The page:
“Many kids who have autism were born healthy and were developing normally until they suddenly got sick, lost learned skills and regressed. Doctors can’t explain why this happens.
“Parents are also worried about what will happen to their children when they’re not able to care for them anymore because no one has ever been able to show us a significant population of adults with autism and each of these children will cost society millions for their support and care.”
I L-O-V-E Truth :>)
Communion of Truth, if you will.
Here's some: https://www.wordonfire.org/resources/blog/i-can-suffer/
Posted by: Paul Rose | June 25, 2019 at 11:57 AM
Um, is anyone on this thread actually autistic?
Posted by: usevalue | August 15, 2013 at 03:39 PM
He looks like a super kid. They mislead the population and
only the parents know how difficult and how desperate their
life or future is. Intermittent explosive disorder? They make up many new diagnosis on the go,psychiatry is blooming in America.People need to listen to you Anne to find out the real truth.
Posted by: oneVoice | December 27, 2012 at 12:21 AM
Posted by: Andrea | December 22, 2012 at 08:05 AM
I propose that these other diagnoses are secondary to (caused by) the vaccine poisoning/damage/autism. People who suffer chronic illness and pain, especially those isolated and misunderstood, can be expected to exhibit all kinds of emotional distress, including and especially "major depression". Some of them will muster the will and the energy to reverse the inertia, perhaps overdoing/overcompensating in throwing themselves into what will appear to be "mania". It isn't unreasonable to think that a mind overcome by sadness, intractable pain, disability, isolation, and for some, inappropriate chemical interference, would resort to the creation of an altered reality in order to cope (psychosis). The anxiety of their dire situation could lead to manifestations of OCD in an attempt to control the uncontrollable. OCD and psychosis may come from a mind constantly living on the edge of despair, as would be expected in a severe case of vaccine poisoning/damage/autism. Or the OCD could result not from the anxiety, but from damage to a certain part of the brain, which again, I propose is in most cases the same damage which is causing the "autism". Reading "intermittent explosive disorder" just made me laugh. The chronically ailing individual intermittently gets so frustrated, so upset, that he "explodes". A diagnosis that is just a restatement of a symptom is not a valid diagnosis.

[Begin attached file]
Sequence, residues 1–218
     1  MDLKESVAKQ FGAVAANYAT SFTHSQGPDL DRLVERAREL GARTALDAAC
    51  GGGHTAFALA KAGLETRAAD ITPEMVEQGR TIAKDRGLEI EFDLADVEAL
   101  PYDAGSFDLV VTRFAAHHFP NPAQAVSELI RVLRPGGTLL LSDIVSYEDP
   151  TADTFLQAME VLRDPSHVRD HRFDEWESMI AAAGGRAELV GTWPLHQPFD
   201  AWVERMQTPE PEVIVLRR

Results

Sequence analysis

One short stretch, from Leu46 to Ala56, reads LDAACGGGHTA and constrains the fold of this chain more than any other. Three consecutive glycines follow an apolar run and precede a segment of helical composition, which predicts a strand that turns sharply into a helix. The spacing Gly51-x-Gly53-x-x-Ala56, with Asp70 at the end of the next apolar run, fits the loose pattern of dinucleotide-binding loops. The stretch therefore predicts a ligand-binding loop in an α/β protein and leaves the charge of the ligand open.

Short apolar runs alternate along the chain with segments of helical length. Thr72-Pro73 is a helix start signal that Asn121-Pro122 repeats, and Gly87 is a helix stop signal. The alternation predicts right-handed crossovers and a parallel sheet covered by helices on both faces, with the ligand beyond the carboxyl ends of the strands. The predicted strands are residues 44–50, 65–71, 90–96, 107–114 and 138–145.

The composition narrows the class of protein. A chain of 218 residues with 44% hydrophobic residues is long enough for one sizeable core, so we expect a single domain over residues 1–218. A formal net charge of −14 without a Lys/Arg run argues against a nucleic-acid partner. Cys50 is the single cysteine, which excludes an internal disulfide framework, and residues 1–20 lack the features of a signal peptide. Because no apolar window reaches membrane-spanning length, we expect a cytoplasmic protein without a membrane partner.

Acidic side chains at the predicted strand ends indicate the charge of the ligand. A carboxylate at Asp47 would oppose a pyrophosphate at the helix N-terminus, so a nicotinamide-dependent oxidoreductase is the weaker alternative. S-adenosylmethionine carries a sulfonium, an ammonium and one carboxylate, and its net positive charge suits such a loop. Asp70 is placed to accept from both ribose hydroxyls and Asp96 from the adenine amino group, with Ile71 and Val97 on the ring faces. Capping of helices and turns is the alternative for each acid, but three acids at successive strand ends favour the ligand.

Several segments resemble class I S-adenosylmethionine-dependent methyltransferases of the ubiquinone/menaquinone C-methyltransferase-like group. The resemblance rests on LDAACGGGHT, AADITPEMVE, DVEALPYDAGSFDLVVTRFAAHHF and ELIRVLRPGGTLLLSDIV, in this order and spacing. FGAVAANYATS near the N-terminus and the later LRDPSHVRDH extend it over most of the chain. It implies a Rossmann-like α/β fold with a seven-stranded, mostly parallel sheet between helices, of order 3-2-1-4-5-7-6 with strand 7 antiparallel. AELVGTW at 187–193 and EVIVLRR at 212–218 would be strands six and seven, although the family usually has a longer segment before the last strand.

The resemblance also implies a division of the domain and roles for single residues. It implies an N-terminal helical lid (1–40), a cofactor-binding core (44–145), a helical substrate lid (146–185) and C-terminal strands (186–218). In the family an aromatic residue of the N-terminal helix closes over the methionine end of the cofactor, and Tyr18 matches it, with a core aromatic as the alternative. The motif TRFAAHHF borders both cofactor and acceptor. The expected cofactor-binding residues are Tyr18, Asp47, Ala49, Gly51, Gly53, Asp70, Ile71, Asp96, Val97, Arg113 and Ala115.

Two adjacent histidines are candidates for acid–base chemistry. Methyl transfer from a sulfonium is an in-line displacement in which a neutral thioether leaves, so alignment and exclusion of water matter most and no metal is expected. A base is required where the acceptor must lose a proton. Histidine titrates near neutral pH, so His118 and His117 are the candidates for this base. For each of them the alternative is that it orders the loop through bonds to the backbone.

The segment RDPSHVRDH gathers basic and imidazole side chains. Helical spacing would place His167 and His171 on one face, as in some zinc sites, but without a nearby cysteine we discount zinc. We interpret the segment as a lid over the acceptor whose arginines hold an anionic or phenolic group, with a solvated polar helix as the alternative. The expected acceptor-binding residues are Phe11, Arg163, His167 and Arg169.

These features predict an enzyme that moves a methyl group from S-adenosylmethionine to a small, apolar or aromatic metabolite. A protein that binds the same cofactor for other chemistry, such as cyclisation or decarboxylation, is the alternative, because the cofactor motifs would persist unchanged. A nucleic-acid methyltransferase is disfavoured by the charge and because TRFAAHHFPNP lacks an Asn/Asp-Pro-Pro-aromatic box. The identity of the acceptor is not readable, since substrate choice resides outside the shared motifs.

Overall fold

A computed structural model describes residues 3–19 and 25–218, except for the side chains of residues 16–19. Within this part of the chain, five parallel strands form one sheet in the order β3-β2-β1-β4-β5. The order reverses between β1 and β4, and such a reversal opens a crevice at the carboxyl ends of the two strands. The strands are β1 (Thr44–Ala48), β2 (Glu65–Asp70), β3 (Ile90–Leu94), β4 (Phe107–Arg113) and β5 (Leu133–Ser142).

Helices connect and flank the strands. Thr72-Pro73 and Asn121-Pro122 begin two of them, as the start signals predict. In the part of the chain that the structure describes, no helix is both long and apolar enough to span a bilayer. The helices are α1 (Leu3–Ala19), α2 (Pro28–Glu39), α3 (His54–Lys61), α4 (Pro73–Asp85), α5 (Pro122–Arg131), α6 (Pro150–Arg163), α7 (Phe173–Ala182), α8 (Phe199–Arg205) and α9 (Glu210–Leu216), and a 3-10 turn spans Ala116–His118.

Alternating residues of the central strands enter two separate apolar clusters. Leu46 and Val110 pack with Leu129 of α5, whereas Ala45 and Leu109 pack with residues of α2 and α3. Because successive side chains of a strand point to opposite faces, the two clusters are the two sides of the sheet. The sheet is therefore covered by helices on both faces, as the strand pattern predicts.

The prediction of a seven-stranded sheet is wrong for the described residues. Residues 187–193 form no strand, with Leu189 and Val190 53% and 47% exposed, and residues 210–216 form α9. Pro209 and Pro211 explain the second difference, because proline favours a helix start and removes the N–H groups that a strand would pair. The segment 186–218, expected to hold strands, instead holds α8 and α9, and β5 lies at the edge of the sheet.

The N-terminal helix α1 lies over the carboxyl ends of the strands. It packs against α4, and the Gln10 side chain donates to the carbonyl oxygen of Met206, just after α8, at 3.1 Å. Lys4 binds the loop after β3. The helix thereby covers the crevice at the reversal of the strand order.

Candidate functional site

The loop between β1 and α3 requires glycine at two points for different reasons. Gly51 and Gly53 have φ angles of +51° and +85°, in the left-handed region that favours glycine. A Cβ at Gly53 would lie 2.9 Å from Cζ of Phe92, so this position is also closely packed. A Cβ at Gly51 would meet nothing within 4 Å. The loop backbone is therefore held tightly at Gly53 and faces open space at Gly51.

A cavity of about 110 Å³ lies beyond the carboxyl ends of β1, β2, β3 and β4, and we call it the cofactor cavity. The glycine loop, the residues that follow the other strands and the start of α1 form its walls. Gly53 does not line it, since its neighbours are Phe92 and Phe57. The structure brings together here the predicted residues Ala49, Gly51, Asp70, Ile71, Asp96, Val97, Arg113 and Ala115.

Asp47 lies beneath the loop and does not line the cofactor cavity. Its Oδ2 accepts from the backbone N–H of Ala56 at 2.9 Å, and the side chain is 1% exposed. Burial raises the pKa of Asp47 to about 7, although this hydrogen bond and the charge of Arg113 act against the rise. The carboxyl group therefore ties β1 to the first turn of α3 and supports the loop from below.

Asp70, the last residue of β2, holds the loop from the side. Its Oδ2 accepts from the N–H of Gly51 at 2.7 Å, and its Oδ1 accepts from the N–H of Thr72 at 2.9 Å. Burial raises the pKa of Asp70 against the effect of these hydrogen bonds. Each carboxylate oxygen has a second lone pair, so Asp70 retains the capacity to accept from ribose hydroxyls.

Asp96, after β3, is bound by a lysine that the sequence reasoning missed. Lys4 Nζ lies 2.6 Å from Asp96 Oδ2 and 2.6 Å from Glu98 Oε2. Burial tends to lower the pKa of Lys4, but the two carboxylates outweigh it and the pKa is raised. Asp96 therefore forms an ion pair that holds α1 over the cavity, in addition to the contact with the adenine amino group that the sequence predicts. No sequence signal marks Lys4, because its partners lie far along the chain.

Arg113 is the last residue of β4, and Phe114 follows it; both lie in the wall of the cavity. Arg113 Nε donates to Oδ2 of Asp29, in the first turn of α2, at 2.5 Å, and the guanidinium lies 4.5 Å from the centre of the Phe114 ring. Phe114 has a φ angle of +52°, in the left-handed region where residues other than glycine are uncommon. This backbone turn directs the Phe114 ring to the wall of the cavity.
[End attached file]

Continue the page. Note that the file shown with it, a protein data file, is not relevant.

Posted by: Linda | December 21, 2012 at 10:14 AM
Just what is the difference between autism and, say, schizophrenia or bipolar disorder? We are talking about a difference in a checklist, a subjective guess that a "doctor" makes by observing and talking to people (either the individual affected or the family). No hard science or biology involved whatsoever.
The discussion here (and the public dialogue) repeatedly compares mental illness disorders as if they are defined and concrete. Co-morbidity? If we don't even know what any of these things are biologically, neurologically, how can we draw any lines between them?
While I don't think any linkages between autism spectrum disorders and violence are fair/appropriate, I am also bothered by the high horse position that autism is not a mental illness (like those other bad things that of course do contribute to violence).
I believe ALL mental illness has a biological, physical basis. I think it is easier to see this with autism, but as a society we need to tackle the "mental health" stigma and find real causes and treatment for these diseases of the mind and nervous system.